The seventh album in fifteen years of Antimatter is the classic event that should deserve much more space than those in which such works are usually confined, at least in our miserable musical Italy. Yes, because it’s not every day that you can listen to an album so inspired, touching and performed impeccably by a band like the one led by a musician like Mick Moss who, despite his modesty and reluctance, rises countless spans above the competition. After a sad and painfully self-absorbed record like Leaving Eden, it had taken five years before we could hear new material from Antimatter, and Fear Of A Unique Identity had arrived to show a new propensity for more airy melodic openings and a more rock form entrusted to songs that, in its splendid predecessor, had mostly the appearance of the acoustic ballad. The Judas Table is placed exactly halfway between these two musical expressions, showing both faces, both separately in some songs, and simultaneously in others: the end result is what perhaps it was easy to expect from those who adore this magnificent musician, while being at the same time anything but obvious. Find me someone else today who is able to touch the innermost chords of the soul in such an emotional way just with his voice and an acoustic guitar, as Moss is able to do several times in this work: once we get to Comrades the tears have already been almost exhausted and we are not even a third of the way through; this song, legitimate daughter of Leaving Eden, is preceded in the setlist by the magnificent Black Eyed Man and the more animated and potential single Killer. Stillborn Empires starts again from where the opener began, that is from those melancholic sounds covered with a more accentuated rhythmic that can enhance the pearly passages, and then opens in an airy orchestral final that enhances the impact painfully solemn. Little Piggy brings us back to the acoustic tones of Comrades, proving to be another of the emotional peaks of the album, while Hole is always introspective but slightly less involving, proving to be the ideal introduction to the dazzling Can Of Worms, a song with a chorus that would make even Alter Bridge envious. The catchiness of Integrity, enriched by a beautiful guitar solo and equally enhancing female vocals, anticipates the title track, another of the many jewels scattered in an album that sits firmly at the top of my annual playlist with many chances to stay there. Mick Moss manages once again to move and amaze us, this time taking thematic cues from the betrayal, seen from the side of those who have suffered, but without forgetting, I add, even those who have perpetrated acting lightly and receiving in many cases as the right sentence to continue to live with the weight of irreparable pain that has caused. I forgot, The Judas Table closes with another acoustic track titled Goodbye, short but intense more than entire records, leaving us in a contrasting feeling of melancholy mixed with serenity that, in fact, is the true and indelible trademark of Antimatter.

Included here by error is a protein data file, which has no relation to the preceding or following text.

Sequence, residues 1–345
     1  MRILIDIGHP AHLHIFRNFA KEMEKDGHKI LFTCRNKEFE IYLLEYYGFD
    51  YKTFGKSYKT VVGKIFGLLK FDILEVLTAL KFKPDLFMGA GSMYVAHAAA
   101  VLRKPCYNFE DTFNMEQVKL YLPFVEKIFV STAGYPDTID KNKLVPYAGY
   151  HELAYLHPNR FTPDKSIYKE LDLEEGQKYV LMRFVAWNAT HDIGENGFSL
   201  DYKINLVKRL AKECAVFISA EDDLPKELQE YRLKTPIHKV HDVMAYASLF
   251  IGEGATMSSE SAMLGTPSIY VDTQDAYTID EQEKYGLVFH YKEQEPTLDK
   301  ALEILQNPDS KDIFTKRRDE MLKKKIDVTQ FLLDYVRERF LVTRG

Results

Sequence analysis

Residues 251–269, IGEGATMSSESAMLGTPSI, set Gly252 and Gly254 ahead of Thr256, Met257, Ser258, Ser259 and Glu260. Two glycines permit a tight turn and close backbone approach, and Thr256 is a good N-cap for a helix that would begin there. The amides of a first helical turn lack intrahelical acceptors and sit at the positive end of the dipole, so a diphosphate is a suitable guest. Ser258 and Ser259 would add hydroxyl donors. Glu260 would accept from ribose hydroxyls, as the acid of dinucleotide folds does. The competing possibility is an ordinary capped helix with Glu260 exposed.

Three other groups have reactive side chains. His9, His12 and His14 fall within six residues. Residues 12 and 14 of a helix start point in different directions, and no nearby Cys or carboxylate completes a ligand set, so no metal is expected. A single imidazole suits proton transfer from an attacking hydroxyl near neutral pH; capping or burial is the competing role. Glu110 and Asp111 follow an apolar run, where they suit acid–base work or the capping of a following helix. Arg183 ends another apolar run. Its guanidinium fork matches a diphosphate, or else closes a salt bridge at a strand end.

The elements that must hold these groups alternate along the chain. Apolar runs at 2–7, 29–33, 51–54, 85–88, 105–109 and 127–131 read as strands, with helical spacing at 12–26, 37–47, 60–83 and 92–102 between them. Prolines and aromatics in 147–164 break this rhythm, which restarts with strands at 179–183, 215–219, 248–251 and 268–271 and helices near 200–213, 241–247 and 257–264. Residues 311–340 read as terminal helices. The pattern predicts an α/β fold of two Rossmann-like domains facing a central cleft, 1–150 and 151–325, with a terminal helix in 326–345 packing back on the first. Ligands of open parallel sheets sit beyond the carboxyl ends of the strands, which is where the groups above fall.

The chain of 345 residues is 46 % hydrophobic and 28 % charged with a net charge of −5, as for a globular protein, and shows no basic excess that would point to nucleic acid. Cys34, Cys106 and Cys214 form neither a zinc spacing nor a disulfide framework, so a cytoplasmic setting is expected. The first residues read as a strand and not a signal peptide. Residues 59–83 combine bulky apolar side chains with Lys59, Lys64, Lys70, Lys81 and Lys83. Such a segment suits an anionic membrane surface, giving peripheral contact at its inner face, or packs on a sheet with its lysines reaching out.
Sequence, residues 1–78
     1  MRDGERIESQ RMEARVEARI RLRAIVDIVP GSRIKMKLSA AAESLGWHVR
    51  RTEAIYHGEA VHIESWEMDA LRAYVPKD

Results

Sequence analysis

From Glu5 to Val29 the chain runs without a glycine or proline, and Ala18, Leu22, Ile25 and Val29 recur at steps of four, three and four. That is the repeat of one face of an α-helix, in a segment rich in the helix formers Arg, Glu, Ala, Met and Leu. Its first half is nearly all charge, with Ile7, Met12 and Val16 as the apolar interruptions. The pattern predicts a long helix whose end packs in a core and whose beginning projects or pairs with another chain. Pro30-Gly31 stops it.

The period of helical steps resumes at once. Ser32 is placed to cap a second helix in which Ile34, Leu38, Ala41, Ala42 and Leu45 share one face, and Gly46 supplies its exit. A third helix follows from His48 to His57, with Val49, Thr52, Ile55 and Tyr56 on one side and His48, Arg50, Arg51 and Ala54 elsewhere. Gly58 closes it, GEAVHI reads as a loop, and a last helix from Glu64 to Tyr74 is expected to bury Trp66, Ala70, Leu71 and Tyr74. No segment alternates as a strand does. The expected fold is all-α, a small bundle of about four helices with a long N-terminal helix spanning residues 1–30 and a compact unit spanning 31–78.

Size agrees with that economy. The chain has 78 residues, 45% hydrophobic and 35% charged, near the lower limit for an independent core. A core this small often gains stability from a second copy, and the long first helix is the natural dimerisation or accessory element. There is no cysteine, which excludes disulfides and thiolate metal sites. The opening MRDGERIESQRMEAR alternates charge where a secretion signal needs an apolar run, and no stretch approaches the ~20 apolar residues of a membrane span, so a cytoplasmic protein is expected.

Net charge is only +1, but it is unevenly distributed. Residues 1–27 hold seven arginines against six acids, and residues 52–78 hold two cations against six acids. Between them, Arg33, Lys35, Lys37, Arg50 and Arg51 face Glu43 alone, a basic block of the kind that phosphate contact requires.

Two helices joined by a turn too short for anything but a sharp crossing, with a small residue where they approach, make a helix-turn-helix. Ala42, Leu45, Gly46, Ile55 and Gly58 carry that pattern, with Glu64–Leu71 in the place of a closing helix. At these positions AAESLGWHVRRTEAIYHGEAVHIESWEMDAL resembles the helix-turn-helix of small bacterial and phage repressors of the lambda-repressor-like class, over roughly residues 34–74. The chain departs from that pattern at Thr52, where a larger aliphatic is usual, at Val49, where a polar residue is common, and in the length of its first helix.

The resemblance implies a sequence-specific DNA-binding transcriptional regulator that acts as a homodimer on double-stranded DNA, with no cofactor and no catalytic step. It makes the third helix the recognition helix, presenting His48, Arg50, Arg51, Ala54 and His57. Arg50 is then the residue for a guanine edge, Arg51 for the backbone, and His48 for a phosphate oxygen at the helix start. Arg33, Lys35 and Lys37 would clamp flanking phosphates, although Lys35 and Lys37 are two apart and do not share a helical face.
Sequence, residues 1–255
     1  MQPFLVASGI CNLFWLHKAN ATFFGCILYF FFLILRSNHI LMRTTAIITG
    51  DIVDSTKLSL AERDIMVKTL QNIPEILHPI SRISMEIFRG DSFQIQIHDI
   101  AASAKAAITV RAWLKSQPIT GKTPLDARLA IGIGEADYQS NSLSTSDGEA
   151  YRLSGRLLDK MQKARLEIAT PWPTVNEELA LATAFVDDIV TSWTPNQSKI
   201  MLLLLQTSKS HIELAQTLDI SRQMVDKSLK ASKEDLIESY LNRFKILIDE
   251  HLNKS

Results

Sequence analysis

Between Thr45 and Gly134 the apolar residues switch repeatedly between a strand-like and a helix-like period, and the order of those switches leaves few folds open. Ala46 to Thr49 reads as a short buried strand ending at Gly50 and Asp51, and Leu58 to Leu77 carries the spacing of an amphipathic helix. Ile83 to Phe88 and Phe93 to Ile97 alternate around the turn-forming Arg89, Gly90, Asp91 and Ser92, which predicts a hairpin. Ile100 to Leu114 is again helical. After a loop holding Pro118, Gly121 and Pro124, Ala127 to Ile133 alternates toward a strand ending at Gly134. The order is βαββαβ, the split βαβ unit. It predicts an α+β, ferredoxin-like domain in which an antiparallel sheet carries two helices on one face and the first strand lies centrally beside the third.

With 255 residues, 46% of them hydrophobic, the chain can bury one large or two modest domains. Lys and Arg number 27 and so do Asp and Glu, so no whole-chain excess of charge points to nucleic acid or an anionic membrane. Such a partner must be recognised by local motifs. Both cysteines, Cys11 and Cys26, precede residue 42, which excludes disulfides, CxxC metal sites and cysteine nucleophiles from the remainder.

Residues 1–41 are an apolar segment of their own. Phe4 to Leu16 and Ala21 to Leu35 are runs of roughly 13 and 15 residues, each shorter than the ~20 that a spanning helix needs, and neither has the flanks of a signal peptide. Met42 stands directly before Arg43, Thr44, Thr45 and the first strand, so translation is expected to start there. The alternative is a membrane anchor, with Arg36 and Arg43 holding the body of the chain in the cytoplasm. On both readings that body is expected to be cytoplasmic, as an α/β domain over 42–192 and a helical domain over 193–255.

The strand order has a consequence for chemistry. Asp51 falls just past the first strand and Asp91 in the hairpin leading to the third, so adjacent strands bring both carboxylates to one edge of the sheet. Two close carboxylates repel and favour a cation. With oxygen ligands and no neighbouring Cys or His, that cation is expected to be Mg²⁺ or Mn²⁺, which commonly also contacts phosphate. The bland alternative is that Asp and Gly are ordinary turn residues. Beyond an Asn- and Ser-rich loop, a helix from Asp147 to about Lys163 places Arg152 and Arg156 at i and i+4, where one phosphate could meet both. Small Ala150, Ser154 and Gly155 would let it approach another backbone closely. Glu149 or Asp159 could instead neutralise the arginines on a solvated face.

2015 – Prophecy Productions